Garlic. A cousin to the onion. Culinary deliciousness. Easy to grow.
Have you wanted to grow garlic, but haven’t the foggiest on how to start? Here is a step-by-step guide on how to plant it. But, before we start, let’s review the items you will need to grow garlic:
- garlic bulbs (although some people say you could use store bought garlic, we recommend buying bulbs from a nursery center or gardener since it will be compatible with your growing area)
- an area to plant that receives 6-8 hours of full sun (this could be a small plot in the garden or in some medium to large pots)
- gloves (optional, but who wants dirty hands if it can be avoided?!)
OK, let’s get started with our step-by-step guide…
First, determine when to plant garlic and plant it. I know this sounds vague, but depending on where you live and the type of garlic you are planting, the time frame in which to plant will vary. A general rule of thumb is to plant garlic on the day of the year with the shortest amount of daylight and harvest it on the day with the longest amount of daylight. Gardeners in my neck of the woods (Zone 6b) often use this guide: Plant on Columbus Day. Harvest on the 4th of July. Ideally, the goal is to get garlic in the ground before the ground freezes. The garlic will begin to develop roots before winter; growth will continue once the ground thaws in the spring.
Once you determine your planting date, break apart the bulbs into cloves several days before you are ready to plant. You can leave the paper on the cloves. On planting day, place cloves root side down, providing enough space for them to grow into bulbs. I usually space my cloves about 4 inches apart in rows that are about a foot apart. If you live in a colder region you may want to apply a layer of mulch; otherwise, forget about them until spring.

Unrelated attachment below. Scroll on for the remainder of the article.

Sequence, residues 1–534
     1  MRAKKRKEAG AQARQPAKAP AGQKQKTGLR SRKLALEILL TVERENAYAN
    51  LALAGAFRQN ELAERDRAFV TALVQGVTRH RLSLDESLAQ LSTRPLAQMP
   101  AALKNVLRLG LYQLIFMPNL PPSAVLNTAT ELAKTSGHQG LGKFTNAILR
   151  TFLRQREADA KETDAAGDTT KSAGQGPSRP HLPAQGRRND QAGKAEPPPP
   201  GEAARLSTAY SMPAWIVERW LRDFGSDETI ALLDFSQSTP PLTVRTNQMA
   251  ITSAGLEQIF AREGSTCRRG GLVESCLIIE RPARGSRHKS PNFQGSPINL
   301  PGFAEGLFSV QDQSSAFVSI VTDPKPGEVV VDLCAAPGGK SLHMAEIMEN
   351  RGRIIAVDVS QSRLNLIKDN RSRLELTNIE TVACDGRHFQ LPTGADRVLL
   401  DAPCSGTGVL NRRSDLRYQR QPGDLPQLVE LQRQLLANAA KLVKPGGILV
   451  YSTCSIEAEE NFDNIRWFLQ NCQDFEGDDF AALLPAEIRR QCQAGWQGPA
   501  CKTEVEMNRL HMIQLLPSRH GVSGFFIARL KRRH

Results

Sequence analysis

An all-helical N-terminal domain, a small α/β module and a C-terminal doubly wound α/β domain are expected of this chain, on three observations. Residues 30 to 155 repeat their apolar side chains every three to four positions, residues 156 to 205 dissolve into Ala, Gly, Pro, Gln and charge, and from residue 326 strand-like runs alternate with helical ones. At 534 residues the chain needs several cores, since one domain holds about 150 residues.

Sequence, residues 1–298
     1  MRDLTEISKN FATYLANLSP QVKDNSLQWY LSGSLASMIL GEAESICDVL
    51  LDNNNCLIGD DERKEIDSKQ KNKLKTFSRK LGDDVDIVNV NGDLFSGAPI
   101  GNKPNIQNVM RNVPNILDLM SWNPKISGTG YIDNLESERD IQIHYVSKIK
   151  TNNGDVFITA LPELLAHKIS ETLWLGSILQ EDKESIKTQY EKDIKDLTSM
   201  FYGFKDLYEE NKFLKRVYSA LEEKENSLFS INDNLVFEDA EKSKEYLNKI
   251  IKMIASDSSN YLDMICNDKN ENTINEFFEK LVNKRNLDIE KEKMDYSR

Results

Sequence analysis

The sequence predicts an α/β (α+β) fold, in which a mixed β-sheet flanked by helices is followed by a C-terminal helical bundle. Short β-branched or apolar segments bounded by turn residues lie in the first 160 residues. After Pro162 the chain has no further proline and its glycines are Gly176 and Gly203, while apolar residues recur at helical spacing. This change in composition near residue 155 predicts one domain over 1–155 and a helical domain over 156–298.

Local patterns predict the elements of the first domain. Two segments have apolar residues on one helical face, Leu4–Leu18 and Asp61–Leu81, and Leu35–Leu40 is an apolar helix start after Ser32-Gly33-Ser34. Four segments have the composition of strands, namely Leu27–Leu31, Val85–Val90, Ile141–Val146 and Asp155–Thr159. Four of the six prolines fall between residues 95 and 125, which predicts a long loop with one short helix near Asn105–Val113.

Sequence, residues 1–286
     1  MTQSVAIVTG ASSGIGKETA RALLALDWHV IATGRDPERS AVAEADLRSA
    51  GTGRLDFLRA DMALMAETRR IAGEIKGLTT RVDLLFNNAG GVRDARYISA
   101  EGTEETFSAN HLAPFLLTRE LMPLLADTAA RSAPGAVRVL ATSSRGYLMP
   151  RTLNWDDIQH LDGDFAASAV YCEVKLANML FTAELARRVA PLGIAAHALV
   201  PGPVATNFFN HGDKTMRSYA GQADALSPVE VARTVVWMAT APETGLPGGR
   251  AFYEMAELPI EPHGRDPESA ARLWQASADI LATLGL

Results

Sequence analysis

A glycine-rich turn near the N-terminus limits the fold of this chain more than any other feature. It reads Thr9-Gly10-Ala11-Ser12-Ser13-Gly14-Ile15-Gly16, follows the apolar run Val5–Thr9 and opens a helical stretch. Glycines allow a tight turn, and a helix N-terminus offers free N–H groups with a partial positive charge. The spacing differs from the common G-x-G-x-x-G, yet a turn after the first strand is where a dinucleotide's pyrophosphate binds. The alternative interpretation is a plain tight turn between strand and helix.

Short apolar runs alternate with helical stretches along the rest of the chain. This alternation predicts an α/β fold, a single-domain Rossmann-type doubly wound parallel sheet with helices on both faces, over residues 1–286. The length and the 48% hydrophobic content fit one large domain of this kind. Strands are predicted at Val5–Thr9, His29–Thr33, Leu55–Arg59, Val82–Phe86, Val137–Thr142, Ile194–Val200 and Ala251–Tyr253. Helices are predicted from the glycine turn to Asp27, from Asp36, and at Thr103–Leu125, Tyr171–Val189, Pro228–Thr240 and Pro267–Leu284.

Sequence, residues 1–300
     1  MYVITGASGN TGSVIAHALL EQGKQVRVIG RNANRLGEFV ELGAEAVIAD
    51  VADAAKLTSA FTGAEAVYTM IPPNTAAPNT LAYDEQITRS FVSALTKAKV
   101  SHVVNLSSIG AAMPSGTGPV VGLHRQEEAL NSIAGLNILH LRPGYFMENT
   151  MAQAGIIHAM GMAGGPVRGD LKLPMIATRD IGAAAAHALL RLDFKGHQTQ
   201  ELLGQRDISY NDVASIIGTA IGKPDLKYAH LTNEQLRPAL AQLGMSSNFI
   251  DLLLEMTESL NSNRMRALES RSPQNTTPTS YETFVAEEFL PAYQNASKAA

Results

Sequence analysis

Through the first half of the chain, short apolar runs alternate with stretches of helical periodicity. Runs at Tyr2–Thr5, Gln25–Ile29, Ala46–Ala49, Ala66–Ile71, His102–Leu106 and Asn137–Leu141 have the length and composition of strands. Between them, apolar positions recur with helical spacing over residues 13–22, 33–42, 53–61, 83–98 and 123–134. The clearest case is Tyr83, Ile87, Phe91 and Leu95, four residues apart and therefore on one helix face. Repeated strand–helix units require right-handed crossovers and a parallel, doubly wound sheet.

Garlic is fairly low maintenance. As with most fruit and veggie plants, keep the area weeded. To help combat weeds and save on watering, apply a layer of mulch, like straw or grass clippings around the plants. There are methods to fertilizing garlic that can help to develop larger bulbs, but as long as you are using a rich soil and aren’t entering any garlic growing competitions, you really don’t need to fertilize.
Lastly, monitor for disease. As mentioned, garlic does not require much attention at all.
As a matter of fact, garlic is planted by some to deter pests from the garden; however, can be susceptible to thrips (small insects) and rot (a fungus) that can impact your garlic’s growth.
STEP 3: HARVEST
If you’re in an area where growing hardneck garlic is the only option, you will actually have two harvests: scapes and bulbs. Softneck variety growers, hang tight…
OK…hardneck growers, several weeks before bulb harvest, you will notice thick stalks with a tapered bulb growing out of the middle of your plants. The stalk, called a scape, will rob energy from the bulb and form a flower. It should be cut from each plant to allow the energy to go into bulb production. The bonus: scapes have a lovely mild flavor and can be added to lots of dishes where a bit of garlic flavor is wanted.
On harvest day, both softneck and hardneck growers, can carefully harvest their bulbs. In loose soil, grab at the base of the plant and pull up gently. If there is resistance, you may want to use a small shovel to loosen the soil around the bulb. Shake excess dirt off of the bulb and roots. Then, give yourself a pat on the back…you’ve successfully grown garlic. If you want to know what to do next, read our post on How to Cure, Prep and Store Garlic.
Feeling super successful? Try adding these 3 items to your garden planting list!